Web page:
Falling lime prices in Mexico helped reduce the inflation rate in April to its lowest since October after a jump in prices earlier in the year pushed up the cost of margaritas in bars from Mexico City to New York.
“Margarita drinkers should relax now and order a second round,” Marco Oviedo, chief Mexico economist at Barclays Plc, said by telephone from Mexico City. Limes “provided a strong push to maintain the downward trend in inflation.”
The price of the fruit plunged 39 percent in April from March, accounting for more than half of the monthly drop in national consumer prices and helping annual inflation slow to 3.5 percent, Mexico’s statistics agency reported today. Limes had risen 41 percent in March and 68 percent in February and were the biggest catalyst for inflation in both months.
Mexico, which supplies about 97 percent of the fruit in the U.S., saw lime prices surge after disease and heavy rains limited supply and some growers banded together to keep rates high, sparking a government probe into price fixing. As supply shortages wane, lime costs fell more than expected and provided a respite to inflation that had reached an eight-month high in January, according to Barclays’s Oviedo.
Mexico’s consumer protection agency filed a complaint with the attorney general’s office last month against lime growers in Michoacan state for allegedly fixing prices and fanning inflation, Lorena Martinez, who heads the agency, said in an April 4 interview. Before then, lime prices had risen 283 percent between November and March, according to the statistics agency.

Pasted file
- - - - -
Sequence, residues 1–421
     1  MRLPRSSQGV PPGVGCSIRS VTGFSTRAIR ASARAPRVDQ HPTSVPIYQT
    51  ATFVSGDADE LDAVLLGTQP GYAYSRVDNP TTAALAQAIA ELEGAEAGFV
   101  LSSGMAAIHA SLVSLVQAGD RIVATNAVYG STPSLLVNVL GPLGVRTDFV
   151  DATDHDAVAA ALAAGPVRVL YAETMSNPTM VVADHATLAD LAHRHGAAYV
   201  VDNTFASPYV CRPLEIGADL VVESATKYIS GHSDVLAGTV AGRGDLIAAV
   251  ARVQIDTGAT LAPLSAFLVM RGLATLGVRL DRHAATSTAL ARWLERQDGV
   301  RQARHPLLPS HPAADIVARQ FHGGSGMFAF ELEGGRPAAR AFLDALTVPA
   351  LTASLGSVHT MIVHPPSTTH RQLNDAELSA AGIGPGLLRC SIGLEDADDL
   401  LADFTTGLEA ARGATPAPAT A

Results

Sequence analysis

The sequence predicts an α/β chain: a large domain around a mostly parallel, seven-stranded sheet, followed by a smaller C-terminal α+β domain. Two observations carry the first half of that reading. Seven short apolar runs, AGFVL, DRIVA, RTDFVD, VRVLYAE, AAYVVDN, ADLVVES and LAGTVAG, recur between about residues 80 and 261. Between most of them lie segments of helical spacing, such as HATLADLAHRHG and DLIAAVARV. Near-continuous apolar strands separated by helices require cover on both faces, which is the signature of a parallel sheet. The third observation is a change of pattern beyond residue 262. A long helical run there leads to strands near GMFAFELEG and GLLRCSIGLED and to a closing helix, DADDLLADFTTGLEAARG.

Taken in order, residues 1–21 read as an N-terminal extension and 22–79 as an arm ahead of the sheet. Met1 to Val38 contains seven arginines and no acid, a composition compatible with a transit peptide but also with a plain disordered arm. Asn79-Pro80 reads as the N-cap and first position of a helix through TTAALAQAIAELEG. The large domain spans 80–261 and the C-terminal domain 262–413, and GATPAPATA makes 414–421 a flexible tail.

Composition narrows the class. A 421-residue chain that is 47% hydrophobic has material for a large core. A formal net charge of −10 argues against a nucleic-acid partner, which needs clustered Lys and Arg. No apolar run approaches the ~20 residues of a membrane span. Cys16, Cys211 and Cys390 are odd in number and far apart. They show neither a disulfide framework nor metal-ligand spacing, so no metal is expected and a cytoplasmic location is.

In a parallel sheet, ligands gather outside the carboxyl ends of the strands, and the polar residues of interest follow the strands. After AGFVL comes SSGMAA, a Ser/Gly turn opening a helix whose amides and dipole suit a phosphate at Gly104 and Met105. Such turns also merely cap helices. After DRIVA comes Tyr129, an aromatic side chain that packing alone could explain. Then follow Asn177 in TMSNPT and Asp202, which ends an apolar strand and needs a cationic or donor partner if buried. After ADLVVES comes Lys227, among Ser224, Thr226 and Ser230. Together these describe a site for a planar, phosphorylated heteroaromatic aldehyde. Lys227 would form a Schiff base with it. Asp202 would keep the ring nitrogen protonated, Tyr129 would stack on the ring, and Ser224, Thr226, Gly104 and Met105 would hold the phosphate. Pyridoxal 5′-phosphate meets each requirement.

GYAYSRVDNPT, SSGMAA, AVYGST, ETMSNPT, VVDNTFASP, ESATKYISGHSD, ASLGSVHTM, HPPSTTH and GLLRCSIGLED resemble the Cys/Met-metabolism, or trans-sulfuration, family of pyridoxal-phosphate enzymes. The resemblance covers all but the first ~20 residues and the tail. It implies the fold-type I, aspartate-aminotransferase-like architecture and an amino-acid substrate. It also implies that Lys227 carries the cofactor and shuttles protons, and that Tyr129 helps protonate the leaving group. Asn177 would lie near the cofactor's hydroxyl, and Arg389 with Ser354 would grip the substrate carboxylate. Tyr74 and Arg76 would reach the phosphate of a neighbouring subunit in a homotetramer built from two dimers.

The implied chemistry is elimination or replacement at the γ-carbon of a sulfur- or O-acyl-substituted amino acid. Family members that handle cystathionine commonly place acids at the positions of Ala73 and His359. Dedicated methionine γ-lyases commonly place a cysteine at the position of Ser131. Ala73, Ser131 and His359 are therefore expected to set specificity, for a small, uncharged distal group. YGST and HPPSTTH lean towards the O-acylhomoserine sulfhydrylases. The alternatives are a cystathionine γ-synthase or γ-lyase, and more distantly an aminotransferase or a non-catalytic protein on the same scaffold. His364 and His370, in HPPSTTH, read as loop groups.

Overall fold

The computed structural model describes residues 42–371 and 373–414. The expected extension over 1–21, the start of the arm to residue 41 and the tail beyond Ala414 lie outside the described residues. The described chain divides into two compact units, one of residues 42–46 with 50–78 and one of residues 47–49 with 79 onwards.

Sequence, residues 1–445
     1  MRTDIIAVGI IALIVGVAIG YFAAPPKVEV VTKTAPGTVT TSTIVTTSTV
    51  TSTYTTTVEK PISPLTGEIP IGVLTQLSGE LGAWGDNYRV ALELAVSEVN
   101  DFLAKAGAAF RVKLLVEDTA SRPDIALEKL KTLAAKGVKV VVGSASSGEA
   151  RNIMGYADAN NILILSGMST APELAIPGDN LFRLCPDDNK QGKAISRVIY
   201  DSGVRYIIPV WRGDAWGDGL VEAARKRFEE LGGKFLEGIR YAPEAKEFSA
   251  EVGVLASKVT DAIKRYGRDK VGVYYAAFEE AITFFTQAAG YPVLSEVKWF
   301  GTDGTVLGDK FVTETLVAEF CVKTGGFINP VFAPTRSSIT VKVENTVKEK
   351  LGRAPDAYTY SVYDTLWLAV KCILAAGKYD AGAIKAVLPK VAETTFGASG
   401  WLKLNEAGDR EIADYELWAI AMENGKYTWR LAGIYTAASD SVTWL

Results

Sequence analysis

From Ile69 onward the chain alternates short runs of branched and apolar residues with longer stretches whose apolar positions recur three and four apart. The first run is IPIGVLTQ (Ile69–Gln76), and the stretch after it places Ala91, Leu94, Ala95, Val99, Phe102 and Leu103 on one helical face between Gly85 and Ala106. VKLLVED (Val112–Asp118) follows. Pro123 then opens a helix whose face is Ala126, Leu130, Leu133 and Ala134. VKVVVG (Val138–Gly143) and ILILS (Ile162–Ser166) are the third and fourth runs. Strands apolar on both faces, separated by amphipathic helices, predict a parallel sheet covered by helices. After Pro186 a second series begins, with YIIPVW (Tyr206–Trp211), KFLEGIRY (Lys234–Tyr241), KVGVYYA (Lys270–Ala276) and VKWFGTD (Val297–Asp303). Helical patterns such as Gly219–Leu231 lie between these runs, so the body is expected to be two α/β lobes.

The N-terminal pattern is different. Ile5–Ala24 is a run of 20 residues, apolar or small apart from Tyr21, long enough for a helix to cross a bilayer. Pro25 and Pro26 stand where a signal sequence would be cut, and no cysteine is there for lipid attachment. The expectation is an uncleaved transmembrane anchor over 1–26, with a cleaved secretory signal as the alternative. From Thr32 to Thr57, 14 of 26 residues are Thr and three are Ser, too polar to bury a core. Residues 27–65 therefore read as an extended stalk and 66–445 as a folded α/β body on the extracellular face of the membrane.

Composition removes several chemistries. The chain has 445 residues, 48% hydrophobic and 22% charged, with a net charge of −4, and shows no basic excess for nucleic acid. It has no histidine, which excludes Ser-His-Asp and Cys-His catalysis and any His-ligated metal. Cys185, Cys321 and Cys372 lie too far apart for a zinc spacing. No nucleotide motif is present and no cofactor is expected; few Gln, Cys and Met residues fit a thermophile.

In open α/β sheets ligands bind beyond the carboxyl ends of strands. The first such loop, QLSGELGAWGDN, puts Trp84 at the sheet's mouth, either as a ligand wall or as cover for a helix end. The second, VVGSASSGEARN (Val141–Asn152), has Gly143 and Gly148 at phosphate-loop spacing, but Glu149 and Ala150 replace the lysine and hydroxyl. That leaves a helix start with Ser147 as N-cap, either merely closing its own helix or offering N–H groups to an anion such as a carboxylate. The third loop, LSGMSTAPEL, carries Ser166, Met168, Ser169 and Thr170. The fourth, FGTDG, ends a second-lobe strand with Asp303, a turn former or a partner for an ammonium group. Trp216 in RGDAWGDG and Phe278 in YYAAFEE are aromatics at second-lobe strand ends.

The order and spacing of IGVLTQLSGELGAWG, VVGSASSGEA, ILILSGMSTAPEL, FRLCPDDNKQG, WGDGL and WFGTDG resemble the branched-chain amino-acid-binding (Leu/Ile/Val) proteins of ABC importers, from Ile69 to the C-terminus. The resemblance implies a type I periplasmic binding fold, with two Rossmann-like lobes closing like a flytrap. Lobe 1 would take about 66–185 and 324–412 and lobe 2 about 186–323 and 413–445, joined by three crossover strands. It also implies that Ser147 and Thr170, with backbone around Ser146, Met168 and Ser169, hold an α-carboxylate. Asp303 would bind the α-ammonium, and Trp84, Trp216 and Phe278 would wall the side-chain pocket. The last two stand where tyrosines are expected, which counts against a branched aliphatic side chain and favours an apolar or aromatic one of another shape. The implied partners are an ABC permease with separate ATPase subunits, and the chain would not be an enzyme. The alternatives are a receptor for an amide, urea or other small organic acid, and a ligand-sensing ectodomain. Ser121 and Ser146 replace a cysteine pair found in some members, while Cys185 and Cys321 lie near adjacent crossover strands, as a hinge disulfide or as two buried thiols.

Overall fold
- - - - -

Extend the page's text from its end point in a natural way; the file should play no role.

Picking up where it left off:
In the U.S., prices for limes were up 81 percent from a year earlier and more than double the cost in mid-January, U.S. Department of Agriculture data as of April 4 show.
Mexico’s inflation has eased each month after reaching 4.48 percent in January, when new taxes on everything from dog food to chewing gum took effect. Economists have been paring their forecasts for consumer price increases this year after the levies failed to trigger an extended surge in prices, with a central bank poll published yesterday showing the lowest estimate for 2014 annual inflation in six months.
Consumer prices in April slid 0.19 percent from the previous month, the national statistics agency said, compared with the 0.13 percent drop forecast by 23 analysts in a Bloomberg survey.
“Inflation has behaved remarkably well after the increase in taxes in January,” Carlos Capistran, the chief Mexico economist at Bank of America Corp., said in an e-mailed response to questions. Today’s report “increases downside risks for our end-of-year forecast of 3.9 percent.”
The peso strengthened 0.1 percent to 12.9474 at today’s close in Mexico City after appreciating 0.6 percent in the year through yesterday. The yield on inflation-linked bonds due in June 2016 fell one basis point to 1.03 percent.
Mexico on Jan. 1 implemented a new tax on sugary drinks of 1 peso per liter, an 8 percent duty on junk food and a 7.5 percent levy on mining profits, among other taxes.
Economists expect inflation to end the year at 3.85 percent, according to yesterday’s central bank poll, down from 3.92 percent in the previous survey. The analysts also lowered their growth outlook, to 3.01 percent from 3.4 percent at the start of the year.
Retail sales unexpectedly contracted in February, signaling Latin America’s second-biggest economy was struggling to recover in the first quarter.
Central bank Governor Agustin Carstens said April 4 he saw “encouraging” signs of an economic rebound after a slow start to the year.
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